Footage of Friday's events
Content is deemed objectionable under New Zealand law.
Netsafe has received a number of reports of online content relating to the attacks in Christchurch.
Footage of the attacks has been deemed objectionable under New Zealand law which means that viewing, possessing or distributing the footage is an offence.
Anyone who comes across footage of the attacks online should report it to the Censorship office of the Department of Internal Affairs, but they shouldn’t keep it or share copies.
Netsafe is encouraging schools to speak with students about what to do if they come across the footage and that viewing, possessing and sharing footage with this classification is against the law.
The footage of the Christchurch attacks is disturbing and will be harmful for people to see. If students and others have viewed the video and are struggling with what they’ve seen it’s likely they will require additional support. Agencies available to provide free support include Youthline, Need to Talk and Kidsline.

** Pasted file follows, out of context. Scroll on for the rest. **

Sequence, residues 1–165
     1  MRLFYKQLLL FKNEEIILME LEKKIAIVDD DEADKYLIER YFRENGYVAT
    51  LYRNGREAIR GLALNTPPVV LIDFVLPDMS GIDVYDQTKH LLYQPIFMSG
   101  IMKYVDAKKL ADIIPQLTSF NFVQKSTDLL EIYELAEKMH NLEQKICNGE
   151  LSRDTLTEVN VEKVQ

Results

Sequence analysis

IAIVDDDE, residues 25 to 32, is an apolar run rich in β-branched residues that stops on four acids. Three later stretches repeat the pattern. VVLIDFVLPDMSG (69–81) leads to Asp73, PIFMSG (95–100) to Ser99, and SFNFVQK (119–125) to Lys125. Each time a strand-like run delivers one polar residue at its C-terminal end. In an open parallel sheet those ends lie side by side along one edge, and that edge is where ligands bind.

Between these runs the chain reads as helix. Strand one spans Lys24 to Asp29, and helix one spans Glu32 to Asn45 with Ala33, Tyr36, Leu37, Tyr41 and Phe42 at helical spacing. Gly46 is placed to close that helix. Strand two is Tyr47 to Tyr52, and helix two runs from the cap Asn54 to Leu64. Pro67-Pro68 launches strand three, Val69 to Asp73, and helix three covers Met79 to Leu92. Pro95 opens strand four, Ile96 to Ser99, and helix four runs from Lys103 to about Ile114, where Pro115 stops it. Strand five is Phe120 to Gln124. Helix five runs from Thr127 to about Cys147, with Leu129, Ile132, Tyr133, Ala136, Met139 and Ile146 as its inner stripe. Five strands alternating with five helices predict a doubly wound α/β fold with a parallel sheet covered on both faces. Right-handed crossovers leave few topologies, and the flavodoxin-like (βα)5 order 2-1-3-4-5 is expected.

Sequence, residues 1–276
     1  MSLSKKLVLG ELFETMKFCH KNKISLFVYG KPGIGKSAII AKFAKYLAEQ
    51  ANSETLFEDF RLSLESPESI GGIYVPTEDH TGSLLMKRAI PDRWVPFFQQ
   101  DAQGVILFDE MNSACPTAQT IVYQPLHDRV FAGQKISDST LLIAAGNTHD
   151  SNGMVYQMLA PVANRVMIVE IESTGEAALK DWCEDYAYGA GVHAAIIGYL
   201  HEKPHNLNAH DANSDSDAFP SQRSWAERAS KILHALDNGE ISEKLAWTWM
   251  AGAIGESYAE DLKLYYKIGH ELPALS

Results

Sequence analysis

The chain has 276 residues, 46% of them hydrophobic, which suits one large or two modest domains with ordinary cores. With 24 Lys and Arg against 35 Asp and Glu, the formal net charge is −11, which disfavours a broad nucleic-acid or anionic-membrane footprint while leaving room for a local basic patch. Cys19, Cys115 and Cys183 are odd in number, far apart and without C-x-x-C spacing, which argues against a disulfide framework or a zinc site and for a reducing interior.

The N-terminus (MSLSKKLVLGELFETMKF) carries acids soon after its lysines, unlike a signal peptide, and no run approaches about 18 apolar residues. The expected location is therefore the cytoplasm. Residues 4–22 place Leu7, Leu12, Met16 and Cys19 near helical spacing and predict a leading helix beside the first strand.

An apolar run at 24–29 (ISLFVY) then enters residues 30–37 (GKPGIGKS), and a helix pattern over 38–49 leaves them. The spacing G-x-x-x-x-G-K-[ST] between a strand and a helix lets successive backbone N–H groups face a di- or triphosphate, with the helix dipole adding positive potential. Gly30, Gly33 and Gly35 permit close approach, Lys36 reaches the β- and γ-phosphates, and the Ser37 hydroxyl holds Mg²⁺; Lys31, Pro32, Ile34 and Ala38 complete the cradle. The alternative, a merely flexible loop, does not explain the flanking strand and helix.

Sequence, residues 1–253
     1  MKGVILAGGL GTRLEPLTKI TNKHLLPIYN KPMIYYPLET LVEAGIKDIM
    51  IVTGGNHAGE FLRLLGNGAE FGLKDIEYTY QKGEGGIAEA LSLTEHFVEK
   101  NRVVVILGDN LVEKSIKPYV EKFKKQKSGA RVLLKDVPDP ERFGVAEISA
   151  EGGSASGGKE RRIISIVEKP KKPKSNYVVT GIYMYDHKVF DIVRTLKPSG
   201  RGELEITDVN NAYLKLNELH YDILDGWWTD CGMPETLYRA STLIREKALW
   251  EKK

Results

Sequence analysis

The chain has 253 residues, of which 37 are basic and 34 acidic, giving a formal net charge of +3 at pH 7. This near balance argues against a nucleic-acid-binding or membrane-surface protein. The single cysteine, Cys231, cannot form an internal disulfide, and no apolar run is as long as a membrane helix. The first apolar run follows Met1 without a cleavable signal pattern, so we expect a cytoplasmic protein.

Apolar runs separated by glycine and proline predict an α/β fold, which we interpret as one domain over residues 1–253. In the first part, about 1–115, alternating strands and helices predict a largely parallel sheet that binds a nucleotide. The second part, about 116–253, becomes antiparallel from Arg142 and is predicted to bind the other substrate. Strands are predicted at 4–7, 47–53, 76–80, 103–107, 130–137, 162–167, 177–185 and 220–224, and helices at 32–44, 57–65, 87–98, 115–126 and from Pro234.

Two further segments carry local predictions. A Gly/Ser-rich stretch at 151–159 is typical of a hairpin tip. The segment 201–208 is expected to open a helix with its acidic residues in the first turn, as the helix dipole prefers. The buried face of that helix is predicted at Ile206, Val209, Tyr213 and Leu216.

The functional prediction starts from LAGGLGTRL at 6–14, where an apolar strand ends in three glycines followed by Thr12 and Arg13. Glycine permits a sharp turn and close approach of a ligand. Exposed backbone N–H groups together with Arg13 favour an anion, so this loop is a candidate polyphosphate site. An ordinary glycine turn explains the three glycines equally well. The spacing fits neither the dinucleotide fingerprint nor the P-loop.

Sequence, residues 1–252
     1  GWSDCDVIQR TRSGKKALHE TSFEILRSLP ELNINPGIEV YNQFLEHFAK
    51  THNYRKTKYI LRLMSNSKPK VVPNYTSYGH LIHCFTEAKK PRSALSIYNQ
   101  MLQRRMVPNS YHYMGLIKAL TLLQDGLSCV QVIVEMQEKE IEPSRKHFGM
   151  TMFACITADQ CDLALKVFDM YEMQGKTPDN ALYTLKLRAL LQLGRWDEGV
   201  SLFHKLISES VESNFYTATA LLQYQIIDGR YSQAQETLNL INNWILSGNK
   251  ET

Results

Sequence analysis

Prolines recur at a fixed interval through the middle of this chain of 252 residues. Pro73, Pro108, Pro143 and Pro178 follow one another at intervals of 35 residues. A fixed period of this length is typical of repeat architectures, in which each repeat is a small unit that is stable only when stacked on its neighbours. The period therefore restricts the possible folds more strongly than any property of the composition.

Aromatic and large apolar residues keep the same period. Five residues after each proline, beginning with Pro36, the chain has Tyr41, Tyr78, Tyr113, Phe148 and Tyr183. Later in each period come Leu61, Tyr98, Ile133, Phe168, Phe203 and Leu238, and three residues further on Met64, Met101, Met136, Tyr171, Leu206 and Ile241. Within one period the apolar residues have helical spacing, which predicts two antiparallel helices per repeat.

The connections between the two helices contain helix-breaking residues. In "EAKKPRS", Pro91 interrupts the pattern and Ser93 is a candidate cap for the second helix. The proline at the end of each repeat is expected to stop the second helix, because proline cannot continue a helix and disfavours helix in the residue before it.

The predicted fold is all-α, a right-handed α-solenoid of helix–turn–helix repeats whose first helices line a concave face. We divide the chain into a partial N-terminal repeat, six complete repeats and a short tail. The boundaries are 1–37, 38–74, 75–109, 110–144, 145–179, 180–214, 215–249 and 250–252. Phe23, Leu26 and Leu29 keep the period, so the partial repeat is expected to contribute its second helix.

While the content is online there is some risk that children or young people may come across it. Netsafe encourages schools and parents to proactively discuss with young people what they should do if they come across distressing content online. Further information is available on the Netsafe website.
If you have questions relating to this incident or other distressing online content, contact Netsafe for free and confidential advice or call 0508 NETSAFE.
Arabic translation of this message [PDF, 217 KB]
Last reviewed: Has this been useful? Give us your feedback